I relaxed once back at the lake junction.
Lousewort has been a common bloom along the trail this summer.
Larkspur and Monkshood have also been plentiful, although now past peak.
I found some more of the unusual gentian.
Without afternoon rain it was uncomfortably hot on my return trip. I was grateful for the creeks and shade where I could cool off.
This truly was a gorgeous forested section.
As I neared the trailhead I had views of Hope Pass, my next destination.
This section is 25.9 miles with 6,122 feet elevation gain and 4,163′ loss. Since I wasn’t able to charge my phone I wasn’t able to track this hike after Lake Ann. My estimate is it was 19 miles and 3,300′ elevation gain/loss round trip. I was leaving the remaining miles south to Cottonwood Pass for another time. This profile is to Lake Ann which was 9.7 miles with 2,100′ of gain.
This is from the FarOut app showing the estimated distance and elevation gain/loss between the lake and the pass.
I debated for a long time whether I wanted to tackle this pass from the Twin Lakes or Sheep Gulch Trailheads. Either way it’s an ascent of 1,000 feet per mile; however it’s only 2.5 miles from Sheep Gulch whereas it would be a 3.5 mile ascent from the Twin Lakes plus additional miles requiring an overnight trip.
Much like the early part of the hike south toward Lake Ann, this hike north was in a lovely forest before topping out above treeline. I was offered views of Hope Peak before I could see the pass.
Eventually the pass came into view with Quail Mountain to the east and Hope Mountain to the west.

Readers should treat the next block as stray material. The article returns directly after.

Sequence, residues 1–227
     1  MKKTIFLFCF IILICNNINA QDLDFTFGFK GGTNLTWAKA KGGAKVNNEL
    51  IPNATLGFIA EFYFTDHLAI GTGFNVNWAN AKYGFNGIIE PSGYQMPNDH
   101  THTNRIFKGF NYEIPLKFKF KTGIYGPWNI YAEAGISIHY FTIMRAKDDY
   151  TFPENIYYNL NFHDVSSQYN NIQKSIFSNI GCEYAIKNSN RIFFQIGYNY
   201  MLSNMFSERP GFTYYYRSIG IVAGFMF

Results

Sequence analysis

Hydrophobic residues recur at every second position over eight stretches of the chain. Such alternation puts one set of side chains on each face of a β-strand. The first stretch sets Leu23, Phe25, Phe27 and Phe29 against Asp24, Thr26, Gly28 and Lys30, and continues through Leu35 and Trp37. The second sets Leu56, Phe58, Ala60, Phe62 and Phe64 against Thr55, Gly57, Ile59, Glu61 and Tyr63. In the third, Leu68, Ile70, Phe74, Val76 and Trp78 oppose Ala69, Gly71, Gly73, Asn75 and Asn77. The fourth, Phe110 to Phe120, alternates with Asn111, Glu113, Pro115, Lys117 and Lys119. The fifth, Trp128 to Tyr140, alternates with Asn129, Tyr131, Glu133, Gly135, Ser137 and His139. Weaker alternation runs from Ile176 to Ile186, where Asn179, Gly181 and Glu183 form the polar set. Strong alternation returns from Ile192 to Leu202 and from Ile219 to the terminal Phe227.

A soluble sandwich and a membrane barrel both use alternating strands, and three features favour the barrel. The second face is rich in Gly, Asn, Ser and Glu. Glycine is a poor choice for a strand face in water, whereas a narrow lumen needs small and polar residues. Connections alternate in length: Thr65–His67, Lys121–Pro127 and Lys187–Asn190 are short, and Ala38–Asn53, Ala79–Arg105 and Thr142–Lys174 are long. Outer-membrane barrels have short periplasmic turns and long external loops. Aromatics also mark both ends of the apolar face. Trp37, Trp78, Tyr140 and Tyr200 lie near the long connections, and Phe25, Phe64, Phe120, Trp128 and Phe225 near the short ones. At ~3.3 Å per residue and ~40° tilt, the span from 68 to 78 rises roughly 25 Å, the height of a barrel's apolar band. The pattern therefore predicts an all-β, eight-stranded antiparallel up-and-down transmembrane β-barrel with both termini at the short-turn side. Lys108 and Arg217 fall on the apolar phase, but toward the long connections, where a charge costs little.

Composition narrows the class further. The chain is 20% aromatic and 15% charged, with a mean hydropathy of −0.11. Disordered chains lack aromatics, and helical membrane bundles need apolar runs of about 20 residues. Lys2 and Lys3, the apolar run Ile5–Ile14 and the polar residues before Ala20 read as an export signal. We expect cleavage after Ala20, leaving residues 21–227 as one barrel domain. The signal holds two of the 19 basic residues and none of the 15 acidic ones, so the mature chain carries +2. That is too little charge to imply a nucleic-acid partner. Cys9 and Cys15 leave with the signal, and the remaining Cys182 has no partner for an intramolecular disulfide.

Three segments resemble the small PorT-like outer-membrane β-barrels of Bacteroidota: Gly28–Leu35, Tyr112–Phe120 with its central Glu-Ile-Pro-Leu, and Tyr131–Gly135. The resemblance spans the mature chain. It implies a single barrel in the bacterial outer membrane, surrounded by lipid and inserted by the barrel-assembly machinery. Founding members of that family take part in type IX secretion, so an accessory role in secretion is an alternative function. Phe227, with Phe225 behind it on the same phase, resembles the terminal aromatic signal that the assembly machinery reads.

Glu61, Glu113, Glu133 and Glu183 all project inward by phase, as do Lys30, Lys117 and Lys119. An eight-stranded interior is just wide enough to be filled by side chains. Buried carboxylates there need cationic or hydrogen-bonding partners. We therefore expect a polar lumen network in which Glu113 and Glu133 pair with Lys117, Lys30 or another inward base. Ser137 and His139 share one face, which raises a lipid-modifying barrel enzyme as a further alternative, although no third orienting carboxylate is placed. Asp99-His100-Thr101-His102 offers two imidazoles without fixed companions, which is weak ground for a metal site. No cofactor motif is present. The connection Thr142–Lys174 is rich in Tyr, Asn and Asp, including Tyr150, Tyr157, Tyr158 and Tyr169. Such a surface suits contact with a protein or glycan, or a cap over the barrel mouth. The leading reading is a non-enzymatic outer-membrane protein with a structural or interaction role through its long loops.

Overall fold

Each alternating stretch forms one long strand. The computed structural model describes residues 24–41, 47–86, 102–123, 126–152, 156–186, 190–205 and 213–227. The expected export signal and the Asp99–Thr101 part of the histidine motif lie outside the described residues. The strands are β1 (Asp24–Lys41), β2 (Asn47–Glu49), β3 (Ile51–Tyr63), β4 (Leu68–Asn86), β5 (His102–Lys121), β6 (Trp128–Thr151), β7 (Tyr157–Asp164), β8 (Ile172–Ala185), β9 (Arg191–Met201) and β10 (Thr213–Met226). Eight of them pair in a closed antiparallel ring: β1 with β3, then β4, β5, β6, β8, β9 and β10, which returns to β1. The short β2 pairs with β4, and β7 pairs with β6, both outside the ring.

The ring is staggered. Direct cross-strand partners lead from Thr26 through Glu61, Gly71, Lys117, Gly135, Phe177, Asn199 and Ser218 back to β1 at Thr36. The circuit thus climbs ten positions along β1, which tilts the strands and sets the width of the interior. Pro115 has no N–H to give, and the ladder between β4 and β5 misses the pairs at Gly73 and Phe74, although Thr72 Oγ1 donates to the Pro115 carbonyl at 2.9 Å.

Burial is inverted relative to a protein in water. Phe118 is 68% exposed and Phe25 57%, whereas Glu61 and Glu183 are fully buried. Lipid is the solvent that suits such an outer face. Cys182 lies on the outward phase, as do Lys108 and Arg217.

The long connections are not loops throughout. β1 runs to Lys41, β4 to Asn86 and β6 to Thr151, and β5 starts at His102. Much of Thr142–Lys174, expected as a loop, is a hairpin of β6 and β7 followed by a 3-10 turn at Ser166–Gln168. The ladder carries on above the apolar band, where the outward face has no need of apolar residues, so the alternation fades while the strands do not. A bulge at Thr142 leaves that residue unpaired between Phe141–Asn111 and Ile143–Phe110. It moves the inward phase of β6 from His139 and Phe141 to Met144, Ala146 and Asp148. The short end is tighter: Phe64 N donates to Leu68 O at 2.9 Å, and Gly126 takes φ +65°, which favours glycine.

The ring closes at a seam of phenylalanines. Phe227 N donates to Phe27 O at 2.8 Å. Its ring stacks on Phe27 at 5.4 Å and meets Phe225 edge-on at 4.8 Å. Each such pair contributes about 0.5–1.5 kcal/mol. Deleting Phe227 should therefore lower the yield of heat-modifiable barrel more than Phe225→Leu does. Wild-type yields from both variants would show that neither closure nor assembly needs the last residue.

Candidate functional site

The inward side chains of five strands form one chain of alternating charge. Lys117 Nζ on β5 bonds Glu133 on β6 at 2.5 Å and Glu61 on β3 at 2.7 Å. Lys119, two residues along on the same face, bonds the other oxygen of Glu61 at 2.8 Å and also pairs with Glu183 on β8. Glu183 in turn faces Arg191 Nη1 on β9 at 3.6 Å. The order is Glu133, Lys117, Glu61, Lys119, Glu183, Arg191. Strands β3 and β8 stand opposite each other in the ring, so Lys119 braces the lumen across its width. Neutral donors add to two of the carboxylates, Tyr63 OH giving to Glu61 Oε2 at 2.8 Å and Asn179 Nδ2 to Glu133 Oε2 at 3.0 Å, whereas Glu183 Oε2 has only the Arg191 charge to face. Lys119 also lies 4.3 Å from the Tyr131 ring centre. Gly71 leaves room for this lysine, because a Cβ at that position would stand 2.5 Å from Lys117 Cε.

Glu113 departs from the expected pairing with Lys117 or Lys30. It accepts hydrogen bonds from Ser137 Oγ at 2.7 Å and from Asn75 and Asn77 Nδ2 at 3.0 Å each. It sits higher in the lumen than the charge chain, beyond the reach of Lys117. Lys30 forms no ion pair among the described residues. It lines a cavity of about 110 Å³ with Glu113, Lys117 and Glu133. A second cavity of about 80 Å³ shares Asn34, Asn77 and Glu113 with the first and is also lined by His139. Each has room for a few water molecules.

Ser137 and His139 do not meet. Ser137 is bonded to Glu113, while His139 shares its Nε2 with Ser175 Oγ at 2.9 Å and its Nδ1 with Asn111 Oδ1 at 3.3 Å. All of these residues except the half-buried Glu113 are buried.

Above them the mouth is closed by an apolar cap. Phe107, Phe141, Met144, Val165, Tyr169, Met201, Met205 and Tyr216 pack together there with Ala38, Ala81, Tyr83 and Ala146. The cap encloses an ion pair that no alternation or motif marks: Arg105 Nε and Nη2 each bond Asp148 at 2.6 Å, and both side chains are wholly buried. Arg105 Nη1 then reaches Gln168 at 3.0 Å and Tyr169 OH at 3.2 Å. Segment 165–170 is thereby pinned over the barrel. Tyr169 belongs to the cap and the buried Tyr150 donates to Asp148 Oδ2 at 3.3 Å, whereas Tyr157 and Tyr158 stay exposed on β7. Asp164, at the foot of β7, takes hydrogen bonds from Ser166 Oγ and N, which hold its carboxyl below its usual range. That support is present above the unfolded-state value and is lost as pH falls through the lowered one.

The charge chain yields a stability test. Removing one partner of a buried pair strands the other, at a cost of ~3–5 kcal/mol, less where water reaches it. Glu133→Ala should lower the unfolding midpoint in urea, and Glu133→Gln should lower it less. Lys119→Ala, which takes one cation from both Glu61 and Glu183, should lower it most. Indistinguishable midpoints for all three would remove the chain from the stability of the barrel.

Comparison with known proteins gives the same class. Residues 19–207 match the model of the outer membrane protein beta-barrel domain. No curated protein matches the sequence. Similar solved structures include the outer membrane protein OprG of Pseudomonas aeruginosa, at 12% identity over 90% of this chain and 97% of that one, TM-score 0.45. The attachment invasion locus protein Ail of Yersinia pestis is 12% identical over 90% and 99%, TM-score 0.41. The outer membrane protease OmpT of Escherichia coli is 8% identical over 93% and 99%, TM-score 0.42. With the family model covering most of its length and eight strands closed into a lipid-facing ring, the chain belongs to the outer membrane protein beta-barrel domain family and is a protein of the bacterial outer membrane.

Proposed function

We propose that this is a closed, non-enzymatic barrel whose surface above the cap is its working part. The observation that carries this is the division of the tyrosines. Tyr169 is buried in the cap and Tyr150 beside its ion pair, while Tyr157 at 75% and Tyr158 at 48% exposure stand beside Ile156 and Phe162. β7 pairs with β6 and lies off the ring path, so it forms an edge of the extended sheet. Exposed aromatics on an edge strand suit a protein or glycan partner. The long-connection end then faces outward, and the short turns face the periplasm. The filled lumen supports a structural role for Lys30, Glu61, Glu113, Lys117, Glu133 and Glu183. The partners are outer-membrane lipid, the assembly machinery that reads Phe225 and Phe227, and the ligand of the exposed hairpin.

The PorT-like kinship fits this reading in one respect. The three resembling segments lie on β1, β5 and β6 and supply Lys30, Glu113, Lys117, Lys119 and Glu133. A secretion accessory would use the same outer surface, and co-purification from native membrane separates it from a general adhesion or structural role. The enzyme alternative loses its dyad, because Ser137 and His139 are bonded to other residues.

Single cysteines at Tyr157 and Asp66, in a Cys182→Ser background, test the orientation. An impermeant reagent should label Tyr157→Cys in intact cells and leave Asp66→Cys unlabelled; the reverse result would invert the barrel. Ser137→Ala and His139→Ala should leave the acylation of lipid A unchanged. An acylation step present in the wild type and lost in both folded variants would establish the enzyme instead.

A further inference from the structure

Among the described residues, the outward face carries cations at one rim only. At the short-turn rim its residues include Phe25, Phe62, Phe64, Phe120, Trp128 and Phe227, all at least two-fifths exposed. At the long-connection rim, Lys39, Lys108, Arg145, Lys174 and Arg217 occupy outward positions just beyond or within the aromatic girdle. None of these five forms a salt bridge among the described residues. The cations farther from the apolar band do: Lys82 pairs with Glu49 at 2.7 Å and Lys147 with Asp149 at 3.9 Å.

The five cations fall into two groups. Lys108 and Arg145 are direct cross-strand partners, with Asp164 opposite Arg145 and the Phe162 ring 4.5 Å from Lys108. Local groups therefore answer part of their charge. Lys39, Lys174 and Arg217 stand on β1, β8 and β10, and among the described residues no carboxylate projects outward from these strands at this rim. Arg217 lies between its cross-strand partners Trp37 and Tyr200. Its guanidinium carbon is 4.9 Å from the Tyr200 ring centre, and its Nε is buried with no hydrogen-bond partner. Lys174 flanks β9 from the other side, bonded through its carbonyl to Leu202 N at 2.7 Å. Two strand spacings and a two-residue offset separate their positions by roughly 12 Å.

The 2.5 mile ascent went by fairly quickly and soon enough I could see the finale.
To the north were views toward Twin Lakes Reservoir, and what I missed by hiking to the pass from the other direction. A met some hikers who spent the night at this pond.
To the south I could see the drainage that led to Lake Ann Pass as well as the big peaks like Mount Harvard.
I have mixed feelings about these prayer flags on Hope Pass. They break LNT guidelines but maybe remind hikers about peace. This is the view to the east toward Quail Mountain. It looks deceptively small from this angle.
Before reversing course I chatted with a few thru hikers, runners and a couple who were hiking up Hope Peak. It was nice to peer into the Lake Ann drainage and way down to the valley where my car was parked.
The beginning of the aspen groves signaled a drop in elevation.
The segment from Twin Lakes to Sheep Gulch is 9.8 miles with 3,606′ gain and 2,644′ loss, assuming southbound travel. My round trip hike was a little over 5 miles and 2,500′ gain/loss. I left the remaining miles for another time.
Colorado Trail Segments Hiked:
- 1-5 CO – THE Colorado Trail, Segments 1-5, Waterton Canyon to Kenosha Pass (06/22)
- 12-13 CO – THE Colorado Trail, Segments 12-13, Collegiate Peaks Wilderness (06/22)
As of this post, I’ve hiked about 246 miles toward The Colorado Trail plus 175 bonus miles (repeats/side trails) with over 70,000 feet of elevation gain/loss.
- The Guthook/Far Out App and Colorado Trail Association Guidebook and Databook are helpful in planning section hikes. The guidebooks details parking and trailhead options along with the elevation profile. Far Out was a great way to plan my turnaround based on mileage and elevation gain/loss. I also used Gaia with the Colorado Trail Nat Geo layer.
- Buena Vista is a GREAT resupply and regrouping town.